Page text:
“You have voted for change and change has come”, said the new President of Nigeria, Muhammadu Buhari, giving his first public speech in Abuja at the offices of his party, the All Progressives Congress (APC).
The changes promised, however, are still some way off. The new Nigerian head of state will have to launch a series of reforms in order to maintain the pledges of his electoral campaign. The first of these is to provide work and security to over 170 million Nigerians, many of whom are still afflicted by the scourge of poverty and the nightmare of Boko Haram’s Islamist terrorism.
Nevertheless, the victory of the 72-year-old former general has been hailed by the Nigerian press as a historic event, not only due to the margin of Buhari’s victory over Goodluck Jonathan (53.2% against 45.6%) but, more importantly, because he is the first opposition candidate, since democracy returned to Nigeria in 1999, to unseat an incumbent president. Without doubt, the democratic credentials of Africa’s most populous country have been significantly boosted by the successful transfer of power from the sitting president to his elected rival.
Nigeria’s Independent National Electoral Commission (INEC) also demonstrated its effectiveness in ensuring a regular election process, although there were some reports of interference at polling stations. The fact that for the first time the results were accepted both by the winner and the loser, however, is an important testament to the health of Nigeria’s democracy.
Cardinal John Olorunfemi Onaiyekan, Archbishop of Abuja, expressed his satisfaction when speaking to MISNA, stating, ” From today we can walk with our heads held high, knowing that Nigeria is the only country that can lead Africa”.
Buhari’s election has generally been greeted with enthusiasm but it is worth noting some of the more shadowy aspects of his political career, primarily his past as a dictator during the twenty months between December 1983 and August 1985, when Buhari appointed himself head of state following a military coup that removed the elected president Shehu Shagari.
Since then Nigeria has changed significantly and now the country is governed by a civil and democratic system. The ex-general had actually tried on three occasions to return to government as a presidential candidate, in 2003, 2007 and in 2011, when he was defeated by Goodluck Jonathan. This time around Buhari received more than two and a half million votes more than his rival, who duly accepted the APC leader’s victory.
Buhari and the APC prevailed over the incumbent president and the People’s Democratic Party in many key states, above all, in the north of the country, from where the former general hails, but also in some states in the south including Lagos, the location of the city considered the economic and cultural centre of Nigeria.
The convincing nature of Buhari’s victory was demonstrated by his electoral success in 21 of Nigeria’s 36 states. Included among the 21 were the states of Borno and Yobe, territories under the influence of Boko Haram: here Buhari won crushing majorities of 92% and 94% respectively.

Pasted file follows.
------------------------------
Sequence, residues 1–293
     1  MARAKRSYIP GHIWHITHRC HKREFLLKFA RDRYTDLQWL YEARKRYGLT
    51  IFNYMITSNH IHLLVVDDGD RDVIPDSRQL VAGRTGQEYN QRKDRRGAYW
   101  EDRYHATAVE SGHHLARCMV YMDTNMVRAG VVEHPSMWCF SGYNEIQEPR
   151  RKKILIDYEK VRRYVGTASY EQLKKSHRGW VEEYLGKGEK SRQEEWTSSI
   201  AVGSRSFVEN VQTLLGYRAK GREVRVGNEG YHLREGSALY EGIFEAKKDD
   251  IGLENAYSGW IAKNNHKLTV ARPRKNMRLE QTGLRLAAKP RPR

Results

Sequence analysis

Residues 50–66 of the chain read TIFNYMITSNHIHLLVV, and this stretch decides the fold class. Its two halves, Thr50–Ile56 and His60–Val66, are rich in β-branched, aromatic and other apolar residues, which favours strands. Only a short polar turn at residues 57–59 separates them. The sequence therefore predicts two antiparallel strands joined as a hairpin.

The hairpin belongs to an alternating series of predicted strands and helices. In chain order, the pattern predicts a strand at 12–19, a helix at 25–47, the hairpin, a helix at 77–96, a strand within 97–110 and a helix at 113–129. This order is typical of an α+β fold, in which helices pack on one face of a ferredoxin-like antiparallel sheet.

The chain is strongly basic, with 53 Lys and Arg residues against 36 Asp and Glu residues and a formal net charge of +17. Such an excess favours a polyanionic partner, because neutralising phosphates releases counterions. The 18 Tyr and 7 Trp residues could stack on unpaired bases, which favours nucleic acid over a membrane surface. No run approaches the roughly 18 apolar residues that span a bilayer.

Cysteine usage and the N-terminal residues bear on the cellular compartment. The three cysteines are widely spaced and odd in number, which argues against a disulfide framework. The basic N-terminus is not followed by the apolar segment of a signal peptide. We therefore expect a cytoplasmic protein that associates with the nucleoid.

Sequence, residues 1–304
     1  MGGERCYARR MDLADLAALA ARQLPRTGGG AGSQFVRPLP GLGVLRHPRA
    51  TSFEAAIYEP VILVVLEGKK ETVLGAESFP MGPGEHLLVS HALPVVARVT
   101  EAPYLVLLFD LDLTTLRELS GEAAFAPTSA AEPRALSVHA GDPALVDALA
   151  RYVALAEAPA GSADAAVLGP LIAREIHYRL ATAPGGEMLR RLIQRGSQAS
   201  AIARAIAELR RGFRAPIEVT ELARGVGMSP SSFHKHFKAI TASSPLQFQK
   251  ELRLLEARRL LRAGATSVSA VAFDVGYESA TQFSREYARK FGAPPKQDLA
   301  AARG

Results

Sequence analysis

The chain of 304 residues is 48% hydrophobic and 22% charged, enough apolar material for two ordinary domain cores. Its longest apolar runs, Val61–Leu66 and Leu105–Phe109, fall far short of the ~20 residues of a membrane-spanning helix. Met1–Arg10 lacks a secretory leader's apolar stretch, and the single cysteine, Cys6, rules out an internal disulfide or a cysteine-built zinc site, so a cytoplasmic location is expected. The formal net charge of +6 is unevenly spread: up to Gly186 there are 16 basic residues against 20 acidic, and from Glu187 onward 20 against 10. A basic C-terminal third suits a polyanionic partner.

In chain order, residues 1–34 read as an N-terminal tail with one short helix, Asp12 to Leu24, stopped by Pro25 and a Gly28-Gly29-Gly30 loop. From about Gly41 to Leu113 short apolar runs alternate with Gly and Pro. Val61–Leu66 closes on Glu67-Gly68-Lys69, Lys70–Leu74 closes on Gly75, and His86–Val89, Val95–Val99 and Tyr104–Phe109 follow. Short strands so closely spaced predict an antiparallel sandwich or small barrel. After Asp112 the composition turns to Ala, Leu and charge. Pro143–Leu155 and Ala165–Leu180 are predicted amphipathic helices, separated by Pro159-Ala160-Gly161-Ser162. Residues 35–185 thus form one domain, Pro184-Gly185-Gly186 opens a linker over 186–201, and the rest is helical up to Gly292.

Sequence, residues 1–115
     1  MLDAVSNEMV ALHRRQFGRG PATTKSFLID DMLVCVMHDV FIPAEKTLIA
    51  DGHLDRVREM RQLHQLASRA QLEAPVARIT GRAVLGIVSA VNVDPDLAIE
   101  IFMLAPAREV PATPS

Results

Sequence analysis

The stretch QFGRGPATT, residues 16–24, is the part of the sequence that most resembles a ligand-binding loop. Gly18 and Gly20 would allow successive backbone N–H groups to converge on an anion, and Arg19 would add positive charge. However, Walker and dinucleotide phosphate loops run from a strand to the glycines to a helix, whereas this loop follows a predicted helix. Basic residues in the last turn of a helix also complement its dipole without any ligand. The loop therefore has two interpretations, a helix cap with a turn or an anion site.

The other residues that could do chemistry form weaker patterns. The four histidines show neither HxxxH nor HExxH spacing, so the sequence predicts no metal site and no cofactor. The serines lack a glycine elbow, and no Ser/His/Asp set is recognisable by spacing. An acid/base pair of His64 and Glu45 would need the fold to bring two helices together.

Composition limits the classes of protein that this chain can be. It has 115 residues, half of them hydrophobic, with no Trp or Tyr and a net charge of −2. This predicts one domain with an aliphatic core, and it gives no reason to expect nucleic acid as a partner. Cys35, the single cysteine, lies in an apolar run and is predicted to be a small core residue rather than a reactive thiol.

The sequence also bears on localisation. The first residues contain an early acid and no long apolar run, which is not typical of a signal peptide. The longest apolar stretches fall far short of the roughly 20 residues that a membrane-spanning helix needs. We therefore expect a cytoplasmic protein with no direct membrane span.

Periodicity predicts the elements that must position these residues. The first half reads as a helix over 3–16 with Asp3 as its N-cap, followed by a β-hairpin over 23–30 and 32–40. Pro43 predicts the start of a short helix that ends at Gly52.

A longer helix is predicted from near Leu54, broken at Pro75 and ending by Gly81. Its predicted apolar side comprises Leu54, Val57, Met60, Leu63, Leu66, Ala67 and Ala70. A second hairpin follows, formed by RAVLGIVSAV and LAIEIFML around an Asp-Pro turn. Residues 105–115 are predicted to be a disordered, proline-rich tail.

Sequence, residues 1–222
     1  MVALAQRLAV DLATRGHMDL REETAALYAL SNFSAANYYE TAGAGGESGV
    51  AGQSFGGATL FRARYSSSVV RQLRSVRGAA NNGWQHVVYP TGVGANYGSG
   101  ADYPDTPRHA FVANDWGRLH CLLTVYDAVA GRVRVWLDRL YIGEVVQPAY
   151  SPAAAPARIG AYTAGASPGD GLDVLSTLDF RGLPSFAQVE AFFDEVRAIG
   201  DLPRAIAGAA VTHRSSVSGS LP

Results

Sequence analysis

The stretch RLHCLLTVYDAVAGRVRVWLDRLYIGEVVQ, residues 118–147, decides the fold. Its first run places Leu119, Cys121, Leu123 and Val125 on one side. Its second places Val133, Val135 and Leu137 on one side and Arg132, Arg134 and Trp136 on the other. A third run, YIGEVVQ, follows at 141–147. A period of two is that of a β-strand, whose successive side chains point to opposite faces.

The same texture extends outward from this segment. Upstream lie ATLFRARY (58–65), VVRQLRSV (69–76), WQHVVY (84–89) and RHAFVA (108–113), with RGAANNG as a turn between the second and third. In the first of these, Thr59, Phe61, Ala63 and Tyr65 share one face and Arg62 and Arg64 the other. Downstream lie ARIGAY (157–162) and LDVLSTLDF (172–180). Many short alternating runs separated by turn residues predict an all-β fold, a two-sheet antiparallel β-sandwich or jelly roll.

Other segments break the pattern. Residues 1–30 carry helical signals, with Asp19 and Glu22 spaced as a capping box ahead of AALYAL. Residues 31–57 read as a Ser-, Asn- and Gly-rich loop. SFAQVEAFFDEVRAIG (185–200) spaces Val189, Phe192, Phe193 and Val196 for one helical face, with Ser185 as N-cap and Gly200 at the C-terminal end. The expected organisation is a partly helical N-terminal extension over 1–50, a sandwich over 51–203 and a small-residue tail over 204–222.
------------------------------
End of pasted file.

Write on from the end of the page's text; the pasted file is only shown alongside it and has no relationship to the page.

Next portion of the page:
Also striking was the result in one of Nigeria’s largest states, Kano State, where the former-general received 1.9 million votes against 215,800 for Jonathan, who prevailed in the district of the capital Abuja and won over 90% of the vote in the southern states of Rivers, Bayelsa and his home state, Delta. The now ex-president confirmed the predictions of polls that had him as favourite in the states of Benue, Ondo and Kogi.
Buhari’s large margin of victory was a clear reaction to five years of Jonathan’s rule, during which the Boko Haram insurrection flourished and Nigeria, after becoming the largest economy in Africa following the rebasing of its GDP, slipped into a deep financial crisis.
Now the new president will have the arduous task of facing Boko Haram in the north and kick-starting the Nigerian economy, which has been hit by the collapse of the Naira caused by the drop in oil prices; Nigeria’s oil is responsible for 20% of GDP, 95% of exports and 65% of government revenues.
The strong man of Abuja will also have to meet the long-standing challenges of the fight against corruption, the creation of energy policies to counter the drop in the price of crude, the development of infrastructure and the possible outbreak of rebellion in the oil-rich south: the latter question poses a far greater threat to the stability of Nigeria than the attacks of Boko Haram.
Buhari’s military past was the leitmotif for his electoral campaign: he frequently cited his success in the repression of the Yan Tatsine Islamist group, better known as Maitatsine, which, during the early 1980s, devastated some states in the north and laid the foundations for the future growth of Boko Haram.
According to Elizabeth Donnelly, vice director of the Africa programme at Chatham House, the Royal Institute of International Affairs, based in London, Nigeria must expect Buhari to be a radically different leader from Jonathan. In light of his military past, the new president should be able to reform the regional alliance against Boko Haram and sustain a strong military campaign. But he could have problems with the economic issues: Buhari has limited experience on this front and it is possible that in the short term the situation could require a further devaluation of the local currency in order to improve Nigeria’s financial position.
According to the London research group, Buhari needs to take care to delegate the delicate economic decisions to the right people.
Translated by Nicholas Neiger